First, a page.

Galaxy S Vibrant
Galaxy S Vibrant
In terms of design, Samsung has definitely taken a less-is-more approach to the Vibrant - aka the Galaxy S Vibrant in Canada - in that it's conservative, elegant and functional. It also 'pops' likes nobody's business.
It comes with 16GB of storage out of the box - more than enough for most users, but expandable nonetheless by way of a MicroSD card.
Samsung has gone with a glossy plastic enclosure that is black and metallic gray up front with non-textured, carbon-fiber sensibilities on the back. Close inspection reveals a front-facing camera for video calling (reportedly over 3G and not limited to Wi-Fi calls) and a rear 5 Megapixel autofocus camera - but no LED flash, despite the trend for such inclusions, but photo quality proves to be decent in well-lit conditions.
The Vibrant can also record and play back video in 720p HD mode and it is also one of the few Android smartphones to support DivX playback.
The thing's whopping 480x800 Super AMOLED screen is the biggest and currently exclusive features of the Samsung (Galaxy S) Vibrant. In fact, its large, well-saturated screen is the first thing you notice. It's what "pops," as they say. It's a brighter-than-usual screen of minimal reflectiveness, all the while boasting less-than-usual power consumption – "Super" AMOLED has a number of benefits over previous AMOLED screens, and that's a couple of them.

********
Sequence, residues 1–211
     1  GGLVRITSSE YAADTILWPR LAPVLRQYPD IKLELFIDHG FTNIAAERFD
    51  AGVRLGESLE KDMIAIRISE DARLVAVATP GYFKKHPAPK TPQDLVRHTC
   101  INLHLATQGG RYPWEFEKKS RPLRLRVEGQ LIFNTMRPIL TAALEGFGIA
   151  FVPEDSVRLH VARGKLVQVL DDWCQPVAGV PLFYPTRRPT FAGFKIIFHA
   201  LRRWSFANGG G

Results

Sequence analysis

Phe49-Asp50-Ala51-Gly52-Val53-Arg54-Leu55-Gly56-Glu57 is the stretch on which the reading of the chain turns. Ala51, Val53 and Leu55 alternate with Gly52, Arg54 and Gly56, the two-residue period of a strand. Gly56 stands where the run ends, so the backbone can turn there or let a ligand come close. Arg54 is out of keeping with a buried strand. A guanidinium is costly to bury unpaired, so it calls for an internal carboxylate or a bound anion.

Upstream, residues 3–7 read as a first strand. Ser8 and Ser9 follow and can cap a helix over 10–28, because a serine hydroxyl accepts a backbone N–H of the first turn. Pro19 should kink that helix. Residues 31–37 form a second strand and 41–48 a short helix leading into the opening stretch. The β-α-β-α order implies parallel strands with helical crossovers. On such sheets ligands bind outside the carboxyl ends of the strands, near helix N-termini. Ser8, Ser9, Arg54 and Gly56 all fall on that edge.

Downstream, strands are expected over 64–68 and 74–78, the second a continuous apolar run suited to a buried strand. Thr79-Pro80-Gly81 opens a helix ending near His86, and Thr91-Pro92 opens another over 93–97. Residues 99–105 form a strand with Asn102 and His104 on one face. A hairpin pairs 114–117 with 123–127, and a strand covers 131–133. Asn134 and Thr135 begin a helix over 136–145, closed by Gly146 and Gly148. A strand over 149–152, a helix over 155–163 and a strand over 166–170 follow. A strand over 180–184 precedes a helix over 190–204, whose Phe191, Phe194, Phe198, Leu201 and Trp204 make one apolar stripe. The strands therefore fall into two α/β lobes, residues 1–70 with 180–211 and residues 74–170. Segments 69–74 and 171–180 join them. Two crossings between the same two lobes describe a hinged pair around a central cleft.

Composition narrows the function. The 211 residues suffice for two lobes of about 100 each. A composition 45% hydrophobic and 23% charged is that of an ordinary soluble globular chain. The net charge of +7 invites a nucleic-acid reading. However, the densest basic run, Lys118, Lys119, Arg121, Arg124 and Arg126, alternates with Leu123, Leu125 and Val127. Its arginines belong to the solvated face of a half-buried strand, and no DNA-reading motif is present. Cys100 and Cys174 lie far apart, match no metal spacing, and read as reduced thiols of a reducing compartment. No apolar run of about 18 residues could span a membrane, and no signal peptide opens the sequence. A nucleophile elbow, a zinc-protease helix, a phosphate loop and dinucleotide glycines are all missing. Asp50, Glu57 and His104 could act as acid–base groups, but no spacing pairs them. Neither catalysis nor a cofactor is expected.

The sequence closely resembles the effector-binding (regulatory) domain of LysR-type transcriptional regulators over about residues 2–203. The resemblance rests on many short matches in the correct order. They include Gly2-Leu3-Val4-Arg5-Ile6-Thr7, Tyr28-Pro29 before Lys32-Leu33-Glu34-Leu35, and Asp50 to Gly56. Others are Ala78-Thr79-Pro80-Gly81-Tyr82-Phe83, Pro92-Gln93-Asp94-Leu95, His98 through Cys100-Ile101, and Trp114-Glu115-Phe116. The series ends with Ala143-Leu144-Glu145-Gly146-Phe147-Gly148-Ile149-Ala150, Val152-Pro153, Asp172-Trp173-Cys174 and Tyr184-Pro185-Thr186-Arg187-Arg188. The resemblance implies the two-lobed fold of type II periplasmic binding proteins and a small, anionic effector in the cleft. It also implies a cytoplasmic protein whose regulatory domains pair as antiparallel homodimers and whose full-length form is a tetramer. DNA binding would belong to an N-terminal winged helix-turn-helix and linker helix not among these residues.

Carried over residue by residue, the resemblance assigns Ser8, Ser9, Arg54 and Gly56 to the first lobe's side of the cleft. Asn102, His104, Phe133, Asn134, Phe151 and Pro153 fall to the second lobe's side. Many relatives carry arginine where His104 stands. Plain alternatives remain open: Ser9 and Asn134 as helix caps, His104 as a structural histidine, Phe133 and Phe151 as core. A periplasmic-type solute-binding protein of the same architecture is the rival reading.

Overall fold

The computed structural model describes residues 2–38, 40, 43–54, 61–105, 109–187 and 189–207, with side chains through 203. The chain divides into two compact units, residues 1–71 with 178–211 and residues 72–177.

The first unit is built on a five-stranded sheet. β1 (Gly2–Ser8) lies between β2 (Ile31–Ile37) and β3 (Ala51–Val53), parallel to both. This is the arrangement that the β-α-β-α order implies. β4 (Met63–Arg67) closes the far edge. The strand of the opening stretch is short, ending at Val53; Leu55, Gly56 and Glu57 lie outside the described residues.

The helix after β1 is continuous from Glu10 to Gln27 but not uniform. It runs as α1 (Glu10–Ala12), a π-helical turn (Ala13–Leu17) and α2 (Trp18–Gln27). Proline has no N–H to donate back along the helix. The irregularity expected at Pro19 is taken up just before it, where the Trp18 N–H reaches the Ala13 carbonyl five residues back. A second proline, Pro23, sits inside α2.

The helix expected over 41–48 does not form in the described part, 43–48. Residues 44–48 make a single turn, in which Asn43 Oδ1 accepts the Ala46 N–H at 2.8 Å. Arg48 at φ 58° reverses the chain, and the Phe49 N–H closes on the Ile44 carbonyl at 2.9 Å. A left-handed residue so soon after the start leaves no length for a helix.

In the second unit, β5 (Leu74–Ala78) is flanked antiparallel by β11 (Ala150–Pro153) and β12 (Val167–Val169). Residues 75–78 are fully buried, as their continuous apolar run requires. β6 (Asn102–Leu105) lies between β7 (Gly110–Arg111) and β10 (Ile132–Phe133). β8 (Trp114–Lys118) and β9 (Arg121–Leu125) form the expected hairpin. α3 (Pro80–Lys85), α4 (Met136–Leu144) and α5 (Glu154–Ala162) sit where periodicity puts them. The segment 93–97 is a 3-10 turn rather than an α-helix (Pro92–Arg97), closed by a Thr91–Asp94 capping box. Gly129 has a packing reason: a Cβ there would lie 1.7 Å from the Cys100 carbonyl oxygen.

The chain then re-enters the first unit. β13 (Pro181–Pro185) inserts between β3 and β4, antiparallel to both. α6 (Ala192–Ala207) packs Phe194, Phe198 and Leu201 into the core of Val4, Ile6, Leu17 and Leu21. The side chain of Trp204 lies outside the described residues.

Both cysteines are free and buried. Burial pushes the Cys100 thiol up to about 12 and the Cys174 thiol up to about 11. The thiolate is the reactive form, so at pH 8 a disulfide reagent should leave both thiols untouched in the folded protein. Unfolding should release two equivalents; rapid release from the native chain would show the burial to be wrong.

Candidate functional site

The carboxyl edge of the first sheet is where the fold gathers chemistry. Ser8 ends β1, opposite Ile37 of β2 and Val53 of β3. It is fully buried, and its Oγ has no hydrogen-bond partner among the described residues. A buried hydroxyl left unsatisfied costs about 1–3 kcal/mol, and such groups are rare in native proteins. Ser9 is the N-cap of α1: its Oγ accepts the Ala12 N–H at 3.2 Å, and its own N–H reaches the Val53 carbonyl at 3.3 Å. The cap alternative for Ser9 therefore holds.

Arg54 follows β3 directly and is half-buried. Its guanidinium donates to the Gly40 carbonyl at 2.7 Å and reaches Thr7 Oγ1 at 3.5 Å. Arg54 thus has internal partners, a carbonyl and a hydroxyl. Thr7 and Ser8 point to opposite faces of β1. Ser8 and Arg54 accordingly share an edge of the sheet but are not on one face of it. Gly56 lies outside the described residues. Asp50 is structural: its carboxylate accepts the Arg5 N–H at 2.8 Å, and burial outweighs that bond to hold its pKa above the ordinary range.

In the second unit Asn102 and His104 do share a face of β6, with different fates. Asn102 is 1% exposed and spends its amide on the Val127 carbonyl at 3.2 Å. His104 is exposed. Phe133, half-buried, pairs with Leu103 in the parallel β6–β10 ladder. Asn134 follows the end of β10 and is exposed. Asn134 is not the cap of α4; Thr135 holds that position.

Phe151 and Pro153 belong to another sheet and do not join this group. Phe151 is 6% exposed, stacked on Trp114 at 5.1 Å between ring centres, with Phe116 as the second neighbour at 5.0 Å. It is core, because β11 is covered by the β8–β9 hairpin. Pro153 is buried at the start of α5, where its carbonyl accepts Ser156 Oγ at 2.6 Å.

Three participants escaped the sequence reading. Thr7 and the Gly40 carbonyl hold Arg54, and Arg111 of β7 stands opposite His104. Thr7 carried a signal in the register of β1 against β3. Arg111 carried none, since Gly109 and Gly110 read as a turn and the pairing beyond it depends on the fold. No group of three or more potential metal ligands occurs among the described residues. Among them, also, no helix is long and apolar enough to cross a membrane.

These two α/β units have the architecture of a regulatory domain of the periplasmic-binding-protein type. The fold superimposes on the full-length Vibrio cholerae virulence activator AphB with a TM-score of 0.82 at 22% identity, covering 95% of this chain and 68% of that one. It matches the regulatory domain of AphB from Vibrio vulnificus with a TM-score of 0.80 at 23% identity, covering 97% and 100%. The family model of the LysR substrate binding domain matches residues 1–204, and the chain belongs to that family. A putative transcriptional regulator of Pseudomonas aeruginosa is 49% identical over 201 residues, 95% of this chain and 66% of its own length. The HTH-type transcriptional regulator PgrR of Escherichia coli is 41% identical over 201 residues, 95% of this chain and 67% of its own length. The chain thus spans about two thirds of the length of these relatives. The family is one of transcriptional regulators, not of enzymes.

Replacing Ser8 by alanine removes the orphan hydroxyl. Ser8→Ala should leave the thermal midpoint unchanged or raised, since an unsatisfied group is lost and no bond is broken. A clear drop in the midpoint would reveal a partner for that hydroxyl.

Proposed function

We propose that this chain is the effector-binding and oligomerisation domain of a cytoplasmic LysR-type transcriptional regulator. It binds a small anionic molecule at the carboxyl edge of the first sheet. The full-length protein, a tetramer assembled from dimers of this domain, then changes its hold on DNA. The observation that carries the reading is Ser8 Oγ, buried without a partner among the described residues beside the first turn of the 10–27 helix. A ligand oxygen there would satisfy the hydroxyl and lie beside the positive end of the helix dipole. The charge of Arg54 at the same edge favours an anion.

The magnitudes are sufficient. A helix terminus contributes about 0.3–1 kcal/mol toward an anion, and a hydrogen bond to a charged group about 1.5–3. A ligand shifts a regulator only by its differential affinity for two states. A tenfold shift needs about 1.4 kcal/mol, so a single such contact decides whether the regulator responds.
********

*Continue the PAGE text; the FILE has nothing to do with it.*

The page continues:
The device also employs Samsung's TouchWIZ screen skin, a proprietary interface that usurps the Android OS 2.1 skin. Many manufactures like to inject original navigation systems (icons, button, widgets, etc.) to make each line of phones unique despite the common OS. This can be a hassle, of course, when Google updates Android and 3rd-party manufacturers are left to scramble out an updated overlay to go along with it, which doesn't always happen in a timely or bug-free manner. Just sayin'.
Be that as it may, the TouchWIZ is as subtle as an overlay can get. It bundles useful features such as a task manager (a necessary tool on any Android device), Daily Briefing (which pushes weather, news and to-do information) as well as Samsung's own app store.
With a 1GHz Hummingbird processor and impressive GPU performance, the Vibrant has the muscle and speed to handle the most demanding Android apps and games as well as manage the constant multitasking and fast-app switching that all modern smartphones are expected to do on a regular basis.
Reception and call quality was generally good while the speakerphone function is loud and clear. Battery life is very impressive, managing three days of mostly Wi-Fi usage on a single charge with a few calls and media playback using the YouTube app.
All told, this a powerful and efficient smartphone with a stunner of a screen in a slim and elegant form factor. Running a reasonably new version of the Android OS, Samsung also promises compatibility with future OS updates - which isn't always the case with other Android phones, oddly enough, and a very important feature considering how quickly a smartphone can go obsolete within its excruciating 3-year contract.
Available as the Samsung Vibrant through T-Mobile at US$49.99 on a contract or $399.99 without. In Canada it's known as the Galaxy S Vibrant available through Bell for C$149.95 on a contract or $499.95 contract-free.
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